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Heavy rains over the last several days has caused sewage spills in the county.

JONESBORO — Heavy rainfall over the last several days has challenged the Clayton County Water Authority’s sanitary sewer lines.

According to the National Weather Service, between 7 a.m. Jan. 13 and 7 a.m. Jan. 14, 1.74 inches of rain fell in Jonesboro. That on top of the 2.66 inches of rain that fell Monday has caused at least three major “hydraulic overloads on the gravity mains,” CCWA reported. In other words, the volume of water entering the sewage lines from the rain combined with the typical line usage has caused pipes to overflow, spilling thousands of gallons of untreated wastewater.

Suzanne Brown, Communications & Community Relations manager with the CCWA, said these types of spills can happen when large amounts of rain fall in a short period of time or over the course of several days.

“Heavy rain like this is taxing on any system,” she said. “It’s weather like this we don’t like to see.”

Brown said when a spill is detected crews are dispatched immediately to fix the problem and “mitigate” or clean up the area. She noted that signs are posted in the area of the spill. If it’s in a residential location, surrounding homeowners are notified typically with a door hanger.

The water authority is currently working through a master plan called Project Pipefix to replace aging sewer lines. Some date back to the 1950s. The project will reduce the number of overflows and replace pipes with corrosion resistant materials. CCWA recently began phase 3, spending $18 million in phases 1 and 2. Additionally, a new structured cleaning program was implemented last year to care for the system.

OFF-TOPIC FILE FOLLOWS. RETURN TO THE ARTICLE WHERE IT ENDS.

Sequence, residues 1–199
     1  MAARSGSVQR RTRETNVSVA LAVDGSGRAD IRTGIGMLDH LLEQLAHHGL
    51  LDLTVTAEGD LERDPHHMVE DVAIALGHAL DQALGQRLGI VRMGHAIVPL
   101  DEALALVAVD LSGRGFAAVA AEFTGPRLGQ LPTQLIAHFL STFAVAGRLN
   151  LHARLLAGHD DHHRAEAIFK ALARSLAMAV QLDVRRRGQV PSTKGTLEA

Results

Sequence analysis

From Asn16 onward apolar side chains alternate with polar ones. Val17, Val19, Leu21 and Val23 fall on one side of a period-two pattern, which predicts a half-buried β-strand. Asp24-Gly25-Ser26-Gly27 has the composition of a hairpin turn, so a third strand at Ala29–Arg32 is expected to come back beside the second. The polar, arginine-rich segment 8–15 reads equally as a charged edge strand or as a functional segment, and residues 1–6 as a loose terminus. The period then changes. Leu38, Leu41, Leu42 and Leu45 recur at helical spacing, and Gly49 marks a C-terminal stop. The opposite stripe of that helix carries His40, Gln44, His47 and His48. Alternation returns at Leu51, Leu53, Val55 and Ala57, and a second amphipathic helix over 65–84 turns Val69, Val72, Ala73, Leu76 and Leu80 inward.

Drinking water remains safe

Despite the sewage spills, Brown said that drinking water in the area remains protected. She explained that pipes carrying raw sewage are separate from drinking water lines.

“We have three main lines — storm sewer, sanitary sewer and distribution sewer,” she said. “The distribution lines are what carry fresh drinking water to our homes.”

If drinking water is contaminated, Brown said residents are immediately notified, sometimes accompanied by a boil water advisory.

“Our drinking water is safe. It’s two totally different pipes removing wastewater and delivering fresh water,” she said.

How you can help

Brown is asking that CCWA customers who see a potential problem, such as an overflowing manhole or clogged catch basin, to report the problem immediately, even if you’re unsure there’s actually something wrong.

“Don’t assume someone else has called or we know about it,” she said. “The quicker we are alerted to a problem, the faster we can dispatch a crew to inspect the area.”

To make a report, call 770-960-5200.

She noted that crews are moving through the county all day inspecting areas that historically experience problems and looking for anything new.

“We’re all in this together. It’s our county,” she said. “Any help we can get we appreciate.”

Reservoirs at full capacity

Despite the trouble the heavy rains are causing, Brown said the water authority’s drinking water reservoirs are now at 100 percent capacity. At the end of last year, many counties in the state were experiencing drought conditions.

“It’s either feast or famine lately,” she said. “But we’re in great shape now and ready for the hot summer ahead.”

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